Dryad is a leader in data curation and data publishing. For the last ten years, Dryad has focused primarily on research data, supporting a CC0 license and manually curating each incoming dataset. Zenodo, a general use repository hosted at CERN, has been paving the way in software citation and publishing. As long time players in the open science movement, we believe that we can advance open science and open-source projects further by working together. Instead of working individually to broaden each our scopes, building competitive features, and inefficiently using our limited resources, Dryad and Zenodo will be working together to support more seamless workflows that make the process easier for researchers.
To jumpstart this collaboration, we are proud to have been awarded an Alfred P. Sloan Foundation grant that will enable us to co-develop new solutions focused on supporting researcher and publisher workflows as well as best practices in data and software curation.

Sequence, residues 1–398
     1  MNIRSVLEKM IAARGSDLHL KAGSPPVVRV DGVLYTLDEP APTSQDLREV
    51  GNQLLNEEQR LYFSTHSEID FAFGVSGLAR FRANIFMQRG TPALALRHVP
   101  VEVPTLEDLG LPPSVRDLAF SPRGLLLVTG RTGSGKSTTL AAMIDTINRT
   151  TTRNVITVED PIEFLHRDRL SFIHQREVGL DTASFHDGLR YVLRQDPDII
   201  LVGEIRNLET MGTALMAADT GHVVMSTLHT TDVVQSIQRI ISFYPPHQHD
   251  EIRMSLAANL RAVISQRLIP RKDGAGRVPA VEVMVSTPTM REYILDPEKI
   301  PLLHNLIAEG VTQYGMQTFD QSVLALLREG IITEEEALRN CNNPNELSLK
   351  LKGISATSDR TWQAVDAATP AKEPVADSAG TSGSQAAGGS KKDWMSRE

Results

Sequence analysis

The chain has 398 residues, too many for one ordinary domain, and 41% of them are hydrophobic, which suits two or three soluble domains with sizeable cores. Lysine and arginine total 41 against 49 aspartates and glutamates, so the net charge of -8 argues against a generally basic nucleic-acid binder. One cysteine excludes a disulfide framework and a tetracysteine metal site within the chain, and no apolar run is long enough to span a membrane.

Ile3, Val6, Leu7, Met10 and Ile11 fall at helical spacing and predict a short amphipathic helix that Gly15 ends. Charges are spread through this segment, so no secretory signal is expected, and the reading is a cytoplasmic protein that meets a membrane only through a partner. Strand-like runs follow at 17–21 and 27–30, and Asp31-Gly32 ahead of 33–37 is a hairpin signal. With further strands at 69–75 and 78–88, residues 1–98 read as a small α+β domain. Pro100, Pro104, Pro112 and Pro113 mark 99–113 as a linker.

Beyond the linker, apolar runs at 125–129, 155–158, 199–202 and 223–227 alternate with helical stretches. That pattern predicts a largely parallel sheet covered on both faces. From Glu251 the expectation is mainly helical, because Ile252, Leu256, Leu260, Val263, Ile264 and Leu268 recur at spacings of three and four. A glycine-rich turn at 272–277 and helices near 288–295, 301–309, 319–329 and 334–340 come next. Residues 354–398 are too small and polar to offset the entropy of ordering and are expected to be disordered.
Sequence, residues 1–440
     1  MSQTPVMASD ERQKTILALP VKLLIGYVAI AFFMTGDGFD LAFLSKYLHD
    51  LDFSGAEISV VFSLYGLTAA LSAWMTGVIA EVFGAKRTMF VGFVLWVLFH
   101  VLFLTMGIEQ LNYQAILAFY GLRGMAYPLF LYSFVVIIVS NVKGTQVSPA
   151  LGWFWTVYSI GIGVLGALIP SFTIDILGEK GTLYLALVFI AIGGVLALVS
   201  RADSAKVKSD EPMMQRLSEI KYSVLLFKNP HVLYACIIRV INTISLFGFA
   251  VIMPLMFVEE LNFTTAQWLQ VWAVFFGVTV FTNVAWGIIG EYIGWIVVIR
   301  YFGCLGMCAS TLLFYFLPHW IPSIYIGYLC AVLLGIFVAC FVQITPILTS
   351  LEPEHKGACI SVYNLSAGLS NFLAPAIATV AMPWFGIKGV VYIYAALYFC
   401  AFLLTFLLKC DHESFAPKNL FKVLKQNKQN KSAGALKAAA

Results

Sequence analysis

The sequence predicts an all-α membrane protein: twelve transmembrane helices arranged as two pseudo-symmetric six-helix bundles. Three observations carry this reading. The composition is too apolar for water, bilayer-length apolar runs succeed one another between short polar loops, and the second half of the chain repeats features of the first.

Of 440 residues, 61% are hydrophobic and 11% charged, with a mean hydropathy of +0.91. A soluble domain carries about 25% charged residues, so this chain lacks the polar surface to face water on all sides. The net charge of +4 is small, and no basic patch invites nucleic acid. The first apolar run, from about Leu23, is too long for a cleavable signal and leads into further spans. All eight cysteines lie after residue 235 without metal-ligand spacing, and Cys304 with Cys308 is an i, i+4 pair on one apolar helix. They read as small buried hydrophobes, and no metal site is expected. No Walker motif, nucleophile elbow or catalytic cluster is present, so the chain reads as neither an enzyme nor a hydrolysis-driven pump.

Technology has changed the way we communicate, the way we move, and the way we consume content. It’s also changing the way we meet people. Looking for a partner online is a more common occurrence than searching for one in person. According to a study by Online Dating Magazine, there are almost 8,000 dating sites out there, so the opportunity and potential to find love is limitless. Besides presenting potential partners and the opportunity for love, these sites have another thing in common — data. Have you ever thought about how dating apps use the data you give them?
Unlike rule-based or statistical algorithms which depend on human-crafted rules or task-specific ad-hoc features, the deep learning approach trains a single end-to-end model, discovering the rules and features along the way. Such models are able to obtain high performance across a variety of NLP tasks. Recent research breakthroughs have also improved DL models’ understanding of context and made them better able to tackle large-scale problems.
The asset management industry is particularly interested in these capabilities. Leading firms like Citadel and AIG are leveraging signals from alternative data such as social network info, shopping history, shipping info, GPS and satellite data, etc. in a bid to increase active investment return — and are continuously exploring how NLP technology can improve efficiency and scalability in this practice. Automation of the ingestion and analysis of public filings and quick consumption and sentiment scoring of news and social media content are also being introduced by in-house teams and third-party providers in asset management.